My Next Week

If you read my blog during the first six months of 2010, then you’ll probably recall that in January of last year I had my thyroid removed[1] because I had thyroid cancer[2]. I went through five weeks of voicelessness[3] after that, and then I endured a month or so of being hypothyroid as part of the requirements for the radioactive iodine (RAI) scans the docs wanted to do in early April to see if any of the cancerous thyroid cells remained.

What does all this rehashing this have to do with diabetes? And, why am I writing about this topic again?


As I brought up last year in several entries, I was often hesitant as to whether or not I should devote so much space in a diabetes blog to my thyroid issues. However, because I write the blog about my experience living with diabetes, and because diabetes is systemic — as those of you who live with the illness know — every other aspect of our lives and what goes on with our bodies has the potential to affect blood glucose and our control. Oh, yeah, and also, the double bonus in all this: the thyroid (butterfly shaped and living in the neck) is one of the largest endocrine glands. Endocrine? Ring a bell?

So, yeah, why not write about it? It may not be completely germane to your existence with diabetes, but it sure as heck makes an impact on mine.

The RAI whole-body scans in 2010 indicated that they’d probably gotten all of the thyroid cells when they removed the thyroid. A very good thing. However, as it goes with medical issues, they want to follow up.

Now that it’s a year later, it’s my time to be followed up on.

Next week I begin the weeklong process of RAI stuff. I have packets of information on my desk about the low-iodine diet[4] that I’ve been on for almost two weeks — and which I need to remain on through the end of next week — as well as where to show up at what time on Monday, on Tuesday, on Wednesday, on Thursday, and on Friday.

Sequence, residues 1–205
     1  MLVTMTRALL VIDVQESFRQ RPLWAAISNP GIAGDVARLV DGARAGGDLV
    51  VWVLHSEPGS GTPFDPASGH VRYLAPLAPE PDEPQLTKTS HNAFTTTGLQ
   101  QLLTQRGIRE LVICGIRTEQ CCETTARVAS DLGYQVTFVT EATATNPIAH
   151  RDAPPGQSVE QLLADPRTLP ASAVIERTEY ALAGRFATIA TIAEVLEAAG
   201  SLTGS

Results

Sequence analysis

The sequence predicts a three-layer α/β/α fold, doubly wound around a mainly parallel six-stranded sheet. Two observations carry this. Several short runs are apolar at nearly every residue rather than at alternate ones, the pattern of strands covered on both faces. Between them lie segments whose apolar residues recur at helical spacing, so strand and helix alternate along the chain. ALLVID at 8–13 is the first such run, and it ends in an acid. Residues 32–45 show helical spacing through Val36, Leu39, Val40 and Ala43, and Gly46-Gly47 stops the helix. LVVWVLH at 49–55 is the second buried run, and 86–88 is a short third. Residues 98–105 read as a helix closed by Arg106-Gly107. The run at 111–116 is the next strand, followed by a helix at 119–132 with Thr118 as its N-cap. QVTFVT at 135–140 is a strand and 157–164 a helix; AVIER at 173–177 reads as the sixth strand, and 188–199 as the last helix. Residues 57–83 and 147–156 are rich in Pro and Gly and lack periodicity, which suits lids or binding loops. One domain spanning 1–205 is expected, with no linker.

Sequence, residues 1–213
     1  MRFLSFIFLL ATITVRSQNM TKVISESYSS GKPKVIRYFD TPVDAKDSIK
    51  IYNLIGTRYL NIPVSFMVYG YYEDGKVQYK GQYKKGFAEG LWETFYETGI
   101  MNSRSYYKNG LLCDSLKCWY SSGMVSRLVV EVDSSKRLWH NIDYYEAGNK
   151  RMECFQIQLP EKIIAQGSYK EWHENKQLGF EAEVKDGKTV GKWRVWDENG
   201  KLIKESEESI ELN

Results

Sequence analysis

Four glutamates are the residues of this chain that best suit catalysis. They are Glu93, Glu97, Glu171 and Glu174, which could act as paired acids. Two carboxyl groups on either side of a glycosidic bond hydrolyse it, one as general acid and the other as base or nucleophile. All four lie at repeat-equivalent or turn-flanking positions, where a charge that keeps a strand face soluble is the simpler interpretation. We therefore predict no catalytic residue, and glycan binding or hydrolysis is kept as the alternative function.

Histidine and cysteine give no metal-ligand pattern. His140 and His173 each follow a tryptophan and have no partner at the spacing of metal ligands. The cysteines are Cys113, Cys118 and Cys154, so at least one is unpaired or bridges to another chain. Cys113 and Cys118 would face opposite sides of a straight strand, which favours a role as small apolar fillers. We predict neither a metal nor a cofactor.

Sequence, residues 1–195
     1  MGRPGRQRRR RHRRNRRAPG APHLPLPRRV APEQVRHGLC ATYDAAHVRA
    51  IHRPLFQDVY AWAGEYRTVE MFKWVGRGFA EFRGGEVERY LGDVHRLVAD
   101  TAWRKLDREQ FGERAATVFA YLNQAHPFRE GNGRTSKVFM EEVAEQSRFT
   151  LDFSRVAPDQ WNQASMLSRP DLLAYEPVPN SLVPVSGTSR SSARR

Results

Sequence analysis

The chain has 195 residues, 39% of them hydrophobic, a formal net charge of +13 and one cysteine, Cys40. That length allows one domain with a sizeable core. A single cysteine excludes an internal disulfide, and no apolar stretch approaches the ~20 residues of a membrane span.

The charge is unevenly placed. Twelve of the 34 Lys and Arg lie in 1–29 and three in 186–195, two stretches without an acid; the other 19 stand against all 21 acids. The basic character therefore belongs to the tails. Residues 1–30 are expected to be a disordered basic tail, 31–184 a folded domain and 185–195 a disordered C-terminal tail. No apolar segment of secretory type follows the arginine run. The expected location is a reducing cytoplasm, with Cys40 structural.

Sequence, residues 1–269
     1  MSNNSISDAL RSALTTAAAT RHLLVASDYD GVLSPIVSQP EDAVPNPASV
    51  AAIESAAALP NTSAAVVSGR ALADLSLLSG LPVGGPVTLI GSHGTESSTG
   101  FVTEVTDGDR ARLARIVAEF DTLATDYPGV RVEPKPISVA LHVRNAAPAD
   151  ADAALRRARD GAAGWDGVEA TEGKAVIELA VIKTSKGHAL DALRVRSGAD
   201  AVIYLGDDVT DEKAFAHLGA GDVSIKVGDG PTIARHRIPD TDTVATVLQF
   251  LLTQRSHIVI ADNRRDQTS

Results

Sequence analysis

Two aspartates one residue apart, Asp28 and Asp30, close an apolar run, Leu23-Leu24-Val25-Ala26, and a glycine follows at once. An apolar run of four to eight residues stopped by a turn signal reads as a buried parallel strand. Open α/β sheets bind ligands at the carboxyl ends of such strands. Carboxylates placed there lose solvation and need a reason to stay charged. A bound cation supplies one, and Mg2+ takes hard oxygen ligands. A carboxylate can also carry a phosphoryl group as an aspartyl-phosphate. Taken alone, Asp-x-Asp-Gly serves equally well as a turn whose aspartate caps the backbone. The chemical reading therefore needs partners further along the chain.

Yep, it’s a process.

The good news is that I do not have to go hypothyroid this time. The development of a drug called Thyrogen[5] that they’ll inject on Monday and Tuesday means that the only major preparation I’ve undergone for this round of scans is the low-iodine diet, or, as those of us in the know refer to it, the LID.

I actually wanted to write more this week about the LID and my hesitancy and anxiety leading up to and starting that diet again (it’s restrictive, but this go-round has been much more pleasant than the last). I think, though, that I’ll save the LID-and-diabetes entry for another time. It seems that in backfilling my story to prepare for a blog about my diet, I indulged my preoccupation with next week’s many medical visits. Is this just a routine follow-up and should everything turn out just fine? Of course. Am I scared or worried? No. Not really.

It’s just that, as you know, any time a visit to the doctor is ordered in which there’s a procedure that could possibly show something abnormal, and especially for those of us who’ve had these procedures before and who’ve learned that results were not normal, thoughts seem to pick at the brain. The less-than-positive what-ifs.

I admit that I’ve had a few of what-ifs pop up, tiny though they may be.

So, yep, thanks for allowing me the space this week to speak, again, about thyroid-ish stuff.

Next week I’ll update you with where I’m at in the process of radioactive scanning, since I’ll be right smack in the middle of it. I promise to speak some about diabetes in all of this, as well!

  1. I had my thyroid removed:
  2. I had thyroid cancer:
  3. five weeks of voicelessness:
  4. low-iodine diet:
  5. Thyrogen:

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Eric Lagergren: Eric Lagergren was born in 1974 but didn’t give much thought to diabetes until March 2007, when he was diagnosed with Type 1. He now gives quite a bit of thought to the condition, and to help him better understand his life as a person with diabetes, he writes about it. Eric is the senior editor for the Testing Division at the University of Michigan’s English Language Institute in Ann Arbor. (Eric Lagergren is not a medical professional.)

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